Discrepancies between clinical diagnosis of dengue and laboratory test findings were observed. As mentioned previously, a clinical diagnosis of dengue was made in 34 out of 374 febrile episodes (9.1%). Sixteen per cent (60/374) of acute febrile episodes were not clinically diagnosed as dengue but were supported by serology (i.e. probable dengue), and 5.3% (20/374) were not clinically diagnosed but were supported by virological testing (i.e. laboratory-confirmed dengue). By contrast, 5.9% of acute febrile episodes (22/374) were clinically diagnosed as dengue, but were not supported by the laboratory tests for NS1 and/or or IgM/IgG.

Other causes of acute febrile illness

Of the prespecified panel of non-dengue diseases for which sera from acute febrile participants were tested, only chikungunya and typhoid fever were laboratory-diagnosed by IgM positivity at incidence densities that were higher than that of dengue (10.8 [95% CI: 8.9; 13.1] and 9.1 [95% CI: 7.3; 11.2] per 100 person-years, respectively; Table 4). Chikungunya virus IgM antibodies were detected in 35.0% of febrile participants, and typhoid fever IgM antibodies in 29.4% (Figure 2).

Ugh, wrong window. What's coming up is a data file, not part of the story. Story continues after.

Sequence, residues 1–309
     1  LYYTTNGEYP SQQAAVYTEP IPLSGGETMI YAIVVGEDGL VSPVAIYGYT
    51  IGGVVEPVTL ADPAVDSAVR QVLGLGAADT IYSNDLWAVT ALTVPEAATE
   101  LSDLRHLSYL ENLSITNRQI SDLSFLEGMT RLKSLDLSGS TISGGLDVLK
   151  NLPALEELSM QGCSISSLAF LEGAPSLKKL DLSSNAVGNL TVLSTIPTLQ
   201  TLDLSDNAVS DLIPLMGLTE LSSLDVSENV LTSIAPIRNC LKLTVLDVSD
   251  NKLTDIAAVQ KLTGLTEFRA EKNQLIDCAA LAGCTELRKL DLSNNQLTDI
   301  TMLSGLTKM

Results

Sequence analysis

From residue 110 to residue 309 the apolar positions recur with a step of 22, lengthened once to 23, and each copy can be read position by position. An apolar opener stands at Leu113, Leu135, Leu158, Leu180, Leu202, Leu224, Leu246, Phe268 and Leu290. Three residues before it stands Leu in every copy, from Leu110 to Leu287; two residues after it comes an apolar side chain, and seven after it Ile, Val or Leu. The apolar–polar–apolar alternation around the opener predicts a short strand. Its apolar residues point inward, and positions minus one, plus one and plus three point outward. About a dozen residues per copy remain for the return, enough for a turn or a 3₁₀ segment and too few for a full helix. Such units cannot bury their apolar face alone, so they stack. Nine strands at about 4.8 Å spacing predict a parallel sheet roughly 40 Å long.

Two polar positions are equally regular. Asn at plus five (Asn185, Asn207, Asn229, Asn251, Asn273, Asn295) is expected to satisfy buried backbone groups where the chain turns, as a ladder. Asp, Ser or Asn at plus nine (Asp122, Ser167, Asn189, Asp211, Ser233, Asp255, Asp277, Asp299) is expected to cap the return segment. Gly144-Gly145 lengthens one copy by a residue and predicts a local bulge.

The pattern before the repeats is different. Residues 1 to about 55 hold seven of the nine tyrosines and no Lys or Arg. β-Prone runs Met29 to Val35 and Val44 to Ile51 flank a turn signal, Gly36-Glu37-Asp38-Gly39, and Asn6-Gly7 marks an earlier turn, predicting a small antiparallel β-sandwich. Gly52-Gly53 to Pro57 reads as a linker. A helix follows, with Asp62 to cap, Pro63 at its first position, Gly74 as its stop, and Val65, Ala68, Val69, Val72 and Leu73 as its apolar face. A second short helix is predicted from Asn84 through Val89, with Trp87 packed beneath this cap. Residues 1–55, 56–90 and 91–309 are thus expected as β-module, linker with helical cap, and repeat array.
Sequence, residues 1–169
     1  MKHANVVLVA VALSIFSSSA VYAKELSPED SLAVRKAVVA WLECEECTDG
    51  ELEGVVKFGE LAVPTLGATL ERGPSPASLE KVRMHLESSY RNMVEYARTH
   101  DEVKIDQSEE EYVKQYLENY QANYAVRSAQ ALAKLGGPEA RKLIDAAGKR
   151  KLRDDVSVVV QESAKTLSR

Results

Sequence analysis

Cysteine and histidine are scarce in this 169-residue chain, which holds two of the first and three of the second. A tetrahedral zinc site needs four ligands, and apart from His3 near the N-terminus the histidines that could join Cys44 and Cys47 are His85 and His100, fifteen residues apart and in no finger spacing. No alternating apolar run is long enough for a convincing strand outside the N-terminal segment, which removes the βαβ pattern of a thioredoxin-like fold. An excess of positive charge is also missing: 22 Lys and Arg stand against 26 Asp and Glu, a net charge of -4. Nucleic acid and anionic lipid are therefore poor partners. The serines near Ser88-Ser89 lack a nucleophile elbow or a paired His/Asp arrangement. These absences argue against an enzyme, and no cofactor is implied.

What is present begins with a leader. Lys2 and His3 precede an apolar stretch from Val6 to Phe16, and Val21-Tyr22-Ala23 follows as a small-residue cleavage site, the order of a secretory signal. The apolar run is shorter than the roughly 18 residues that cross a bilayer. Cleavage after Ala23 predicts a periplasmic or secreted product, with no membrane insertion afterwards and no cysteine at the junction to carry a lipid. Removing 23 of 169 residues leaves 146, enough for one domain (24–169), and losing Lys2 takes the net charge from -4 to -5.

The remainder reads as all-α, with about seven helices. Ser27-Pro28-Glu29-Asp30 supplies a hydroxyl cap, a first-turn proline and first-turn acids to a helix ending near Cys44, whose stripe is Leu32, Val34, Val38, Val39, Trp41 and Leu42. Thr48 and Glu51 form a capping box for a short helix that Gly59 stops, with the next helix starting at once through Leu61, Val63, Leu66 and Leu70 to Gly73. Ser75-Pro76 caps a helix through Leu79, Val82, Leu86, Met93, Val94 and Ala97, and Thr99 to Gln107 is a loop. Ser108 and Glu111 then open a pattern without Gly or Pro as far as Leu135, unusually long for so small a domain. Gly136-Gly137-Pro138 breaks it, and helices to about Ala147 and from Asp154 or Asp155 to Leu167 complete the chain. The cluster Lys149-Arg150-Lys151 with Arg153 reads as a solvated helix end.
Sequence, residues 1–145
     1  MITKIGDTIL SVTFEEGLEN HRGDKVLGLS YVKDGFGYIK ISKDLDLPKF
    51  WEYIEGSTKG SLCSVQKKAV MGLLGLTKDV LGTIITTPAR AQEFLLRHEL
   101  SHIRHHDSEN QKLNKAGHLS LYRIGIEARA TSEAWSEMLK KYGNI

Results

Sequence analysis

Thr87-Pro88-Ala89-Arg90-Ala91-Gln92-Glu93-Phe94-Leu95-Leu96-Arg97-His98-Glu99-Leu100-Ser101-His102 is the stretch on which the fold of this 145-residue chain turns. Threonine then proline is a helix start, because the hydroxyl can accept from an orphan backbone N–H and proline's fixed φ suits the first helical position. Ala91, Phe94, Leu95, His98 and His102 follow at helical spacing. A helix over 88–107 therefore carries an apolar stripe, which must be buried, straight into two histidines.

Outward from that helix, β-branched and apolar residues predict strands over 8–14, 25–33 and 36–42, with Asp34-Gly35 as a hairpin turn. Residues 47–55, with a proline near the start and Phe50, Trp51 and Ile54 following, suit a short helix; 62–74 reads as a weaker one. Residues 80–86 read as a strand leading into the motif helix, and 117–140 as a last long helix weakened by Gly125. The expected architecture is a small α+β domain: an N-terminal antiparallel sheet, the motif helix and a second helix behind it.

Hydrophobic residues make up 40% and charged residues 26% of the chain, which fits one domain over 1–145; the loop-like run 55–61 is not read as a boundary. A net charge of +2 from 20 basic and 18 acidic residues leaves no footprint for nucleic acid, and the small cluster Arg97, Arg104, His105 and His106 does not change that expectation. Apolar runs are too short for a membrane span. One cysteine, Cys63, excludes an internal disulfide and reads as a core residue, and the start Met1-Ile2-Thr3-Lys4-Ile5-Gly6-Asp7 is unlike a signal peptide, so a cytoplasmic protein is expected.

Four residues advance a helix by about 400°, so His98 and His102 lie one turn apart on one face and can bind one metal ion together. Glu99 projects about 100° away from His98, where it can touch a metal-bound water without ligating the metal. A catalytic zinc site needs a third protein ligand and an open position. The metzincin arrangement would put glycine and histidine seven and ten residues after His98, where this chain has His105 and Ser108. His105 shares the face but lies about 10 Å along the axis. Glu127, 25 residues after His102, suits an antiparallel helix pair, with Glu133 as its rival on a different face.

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Figure 2. Frequency of most commonly detected non-dengue infections in febrile participants.

Data are the percentage of participants who had at least one acute febrile episode during the study, for whom IgM antibodies to these pre-specified infections were detected in acute or convalescent sera.

doi:10.1371/journal.pntd.0002331.g002
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Table 4. Incidence density of non-dengue infections in febrile participants.

doi:10.1371/journal.pntd.0002331.t004

Influenza, rickettsia and hepatitis A were less common causes of febrile illness than dengue. Three cases of leptospirosis were detected by hemagglutination (one in the Philippines and two in Thailand). However, this testing method does not allow one to distinguish between IgM and IgG antibodies, and therefore it could not be confirmed whether leptospirosis was the cause of these acute febrile episodes, or whether IgG antibodies remained from a previous infection.